Fire captain says not enough drivers are doing what they
Continuing in our "A Word With The Captain"
series, KHTS sat down with Los Angeles County Fire Captain Dave Petersen, who
runs fire station 124 in Stevenson Ranch.
Captain Petersen and his squad respond to many calls each
day, and every time they are summoned, a person's well being is dependent on
them arriving quickly.
Sometimes that's complicated by traffic or motorists' behavior.
Rather than point any fingers, Captain Petersen thinks that
a large number of motorists just need to know the truth about what to do when
an emergency vehicle approaches.
"The law states; ‘pull to the right and stop,'" he said.
Fire, police and medical rescue crews are trained to ONLY
pass to the left of vehicles and therefore all civilian cars are required to
pull to the right safely whenever an emergency vehicle approaches. This includes
vehicles approaching from behind or in front of your car, even if they are on
the opposite side of the street.
Pulling to the right makes it easier on the driver of the emergency
vehicle because they don't have to guess where you're going or what move you
will make when they get close.
The idea of pulling to the right is designed not just for
the victim in need, but for the emergency crews and motorists' safety as well.
"When we respond, we're ultimately responsible for our
actions, so we really try not to put anyone in harm's way," Petersen told KHTS.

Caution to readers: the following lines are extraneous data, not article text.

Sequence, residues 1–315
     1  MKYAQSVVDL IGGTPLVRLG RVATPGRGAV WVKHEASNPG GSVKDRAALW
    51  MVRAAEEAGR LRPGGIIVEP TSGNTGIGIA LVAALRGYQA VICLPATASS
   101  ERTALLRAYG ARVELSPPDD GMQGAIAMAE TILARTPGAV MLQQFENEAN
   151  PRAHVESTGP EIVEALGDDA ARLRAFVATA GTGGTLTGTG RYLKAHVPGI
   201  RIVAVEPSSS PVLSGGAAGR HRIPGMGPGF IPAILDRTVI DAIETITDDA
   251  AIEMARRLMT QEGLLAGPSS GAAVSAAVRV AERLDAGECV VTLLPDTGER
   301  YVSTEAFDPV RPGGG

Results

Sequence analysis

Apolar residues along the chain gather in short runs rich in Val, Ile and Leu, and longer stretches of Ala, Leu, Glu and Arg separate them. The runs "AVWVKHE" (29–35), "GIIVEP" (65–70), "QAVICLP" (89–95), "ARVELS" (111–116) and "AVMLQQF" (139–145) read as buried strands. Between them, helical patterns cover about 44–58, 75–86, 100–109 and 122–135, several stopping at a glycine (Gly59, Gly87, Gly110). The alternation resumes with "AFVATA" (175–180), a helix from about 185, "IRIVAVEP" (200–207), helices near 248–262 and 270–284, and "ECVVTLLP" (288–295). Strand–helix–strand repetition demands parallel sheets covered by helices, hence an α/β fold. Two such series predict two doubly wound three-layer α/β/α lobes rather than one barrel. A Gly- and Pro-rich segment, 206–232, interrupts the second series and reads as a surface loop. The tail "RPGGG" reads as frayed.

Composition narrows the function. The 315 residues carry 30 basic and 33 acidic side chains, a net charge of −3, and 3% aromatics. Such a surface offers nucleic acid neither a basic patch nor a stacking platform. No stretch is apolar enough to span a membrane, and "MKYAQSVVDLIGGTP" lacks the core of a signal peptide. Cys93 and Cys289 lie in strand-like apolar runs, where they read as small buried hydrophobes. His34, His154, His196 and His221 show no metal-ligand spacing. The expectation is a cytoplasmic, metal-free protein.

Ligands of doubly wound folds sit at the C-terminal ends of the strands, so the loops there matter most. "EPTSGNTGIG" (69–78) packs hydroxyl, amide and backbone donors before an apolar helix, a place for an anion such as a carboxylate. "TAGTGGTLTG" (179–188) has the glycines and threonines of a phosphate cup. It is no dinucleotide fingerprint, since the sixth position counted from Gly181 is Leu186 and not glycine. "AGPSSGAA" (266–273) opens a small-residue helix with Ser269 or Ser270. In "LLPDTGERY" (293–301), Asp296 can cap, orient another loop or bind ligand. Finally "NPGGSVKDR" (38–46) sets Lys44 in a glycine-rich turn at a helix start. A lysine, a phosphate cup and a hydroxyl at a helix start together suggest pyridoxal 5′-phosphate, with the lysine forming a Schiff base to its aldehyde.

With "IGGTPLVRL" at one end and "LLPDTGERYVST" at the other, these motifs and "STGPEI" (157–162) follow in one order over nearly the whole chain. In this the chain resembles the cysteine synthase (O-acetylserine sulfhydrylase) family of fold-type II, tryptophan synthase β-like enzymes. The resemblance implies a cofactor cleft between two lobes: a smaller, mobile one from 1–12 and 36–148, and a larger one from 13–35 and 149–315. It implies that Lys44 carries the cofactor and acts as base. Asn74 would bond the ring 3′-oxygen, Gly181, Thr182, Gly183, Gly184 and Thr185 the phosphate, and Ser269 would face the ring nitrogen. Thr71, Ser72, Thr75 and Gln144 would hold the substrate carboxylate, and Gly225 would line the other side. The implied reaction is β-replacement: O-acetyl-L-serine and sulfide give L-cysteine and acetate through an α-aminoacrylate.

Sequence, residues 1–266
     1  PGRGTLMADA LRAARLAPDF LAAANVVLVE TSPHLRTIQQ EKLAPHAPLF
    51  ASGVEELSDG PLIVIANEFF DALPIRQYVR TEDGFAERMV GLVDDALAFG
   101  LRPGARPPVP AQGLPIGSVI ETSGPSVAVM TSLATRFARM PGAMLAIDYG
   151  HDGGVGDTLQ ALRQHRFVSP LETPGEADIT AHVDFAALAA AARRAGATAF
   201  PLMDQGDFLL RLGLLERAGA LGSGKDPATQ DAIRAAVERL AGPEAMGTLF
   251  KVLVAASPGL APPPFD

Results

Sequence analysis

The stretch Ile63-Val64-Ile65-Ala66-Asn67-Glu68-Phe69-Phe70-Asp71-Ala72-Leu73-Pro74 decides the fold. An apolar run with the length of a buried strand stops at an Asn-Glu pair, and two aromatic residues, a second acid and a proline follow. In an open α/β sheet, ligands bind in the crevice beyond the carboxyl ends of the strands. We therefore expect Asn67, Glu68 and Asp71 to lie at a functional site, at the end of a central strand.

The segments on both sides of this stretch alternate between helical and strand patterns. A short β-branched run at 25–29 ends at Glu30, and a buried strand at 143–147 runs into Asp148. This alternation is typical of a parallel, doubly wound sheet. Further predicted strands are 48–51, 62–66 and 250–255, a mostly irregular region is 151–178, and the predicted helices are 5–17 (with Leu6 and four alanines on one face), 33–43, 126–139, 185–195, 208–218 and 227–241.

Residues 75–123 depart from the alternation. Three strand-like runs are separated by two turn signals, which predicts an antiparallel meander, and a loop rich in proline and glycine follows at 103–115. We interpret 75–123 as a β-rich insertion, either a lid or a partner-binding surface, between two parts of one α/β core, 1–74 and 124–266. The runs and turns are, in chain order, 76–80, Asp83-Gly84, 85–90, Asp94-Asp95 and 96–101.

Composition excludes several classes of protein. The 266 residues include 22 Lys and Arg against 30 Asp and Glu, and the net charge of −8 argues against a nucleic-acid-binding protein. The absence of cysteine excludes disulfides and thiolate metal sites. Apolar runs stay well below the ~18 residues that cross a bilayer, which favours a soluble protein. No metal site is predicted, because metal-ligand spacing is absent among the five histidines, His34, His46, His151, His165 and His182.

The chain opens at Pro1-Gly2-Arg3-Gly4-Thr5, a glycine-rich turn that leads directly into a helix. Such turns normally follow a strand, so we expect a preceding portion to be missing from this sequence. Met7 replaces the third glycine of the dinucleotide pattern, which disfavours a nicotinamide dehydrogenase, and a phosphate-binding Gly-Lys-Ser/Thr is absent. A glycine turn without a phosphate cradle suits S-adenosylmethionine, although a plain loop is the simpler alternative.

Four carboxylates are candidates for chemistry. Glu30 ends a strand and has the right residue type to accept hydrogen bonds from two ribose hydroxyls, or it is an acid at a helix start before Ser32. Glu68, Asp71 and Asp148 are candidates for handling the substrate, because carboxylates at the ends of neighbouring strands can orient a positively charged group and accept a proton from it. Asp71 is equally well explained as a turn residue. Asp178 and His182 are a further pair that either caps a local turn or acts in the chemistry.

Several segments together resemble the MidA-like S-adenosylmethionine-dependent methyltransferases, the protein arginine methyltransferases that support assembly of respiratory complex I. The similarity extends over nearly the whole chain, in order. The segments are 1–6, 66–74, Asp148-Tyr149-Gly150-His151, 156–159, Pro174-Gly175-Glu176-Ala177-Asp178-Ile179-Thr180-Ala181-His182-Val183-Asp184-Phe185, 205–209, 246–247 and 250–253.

But the Captain knows that when his crews come barreling
down the street, drivers get frazzled. Sometimes their eagerness to get out of
the way creates an even bigger problem.
"Having a big red fire engine pull up behind you with lights
and sirens blaring is not something that happens to you every day," he said. "So
people start thinking ‘ok, I'm supposed to pull to the right but I'm trapped
between cars.' So we see people who will try to go through a red light...and that's
dangerous, we really don't want you to do that."
Capt. Petersen says that the best thing for motorists to do
in that situation is to just wait until the light changes, and then move to the
right when you can do so safely. His fire engine will likely turn off their
lights and wait right behind you because they don't want to force you into a
Speed is also an issue in Santa Clarita.
Emergency vehicles will frequently cross intersections
against a red light. To do so, they creep out slowly to make sure everyone sees
them. If cars are traveling at a high rate of speed however, it complicates an
already difficult task.
"Cross traffic is extremely fast," he says.
He went on to say that sometimes even a responsible driver
can become part of a traffic accident if others aren't paying attention.
"If one person sees us and decides to stop, and the person
behind them doesn't, then this is when we start having incidents occur because
we're trying to do our job."
Being stationed in Stevenson Ranch, Captain Petersen and his
fire fighters respond to many calls on the freeway. Often of there is an
accident, traffic will be backed up tremendously leaving only a small area on
the freeway shoulder for the emergency crews to get to the scene. When
motorists use the shoulder to bypass the traffic, they cut off the only available
The bottom line for Captain Petersen is simple; pay
attention, slow down and pull to the right. He holds to his predictions that if we all
practiced those safe driving techniques, we'd make life easier for everyone.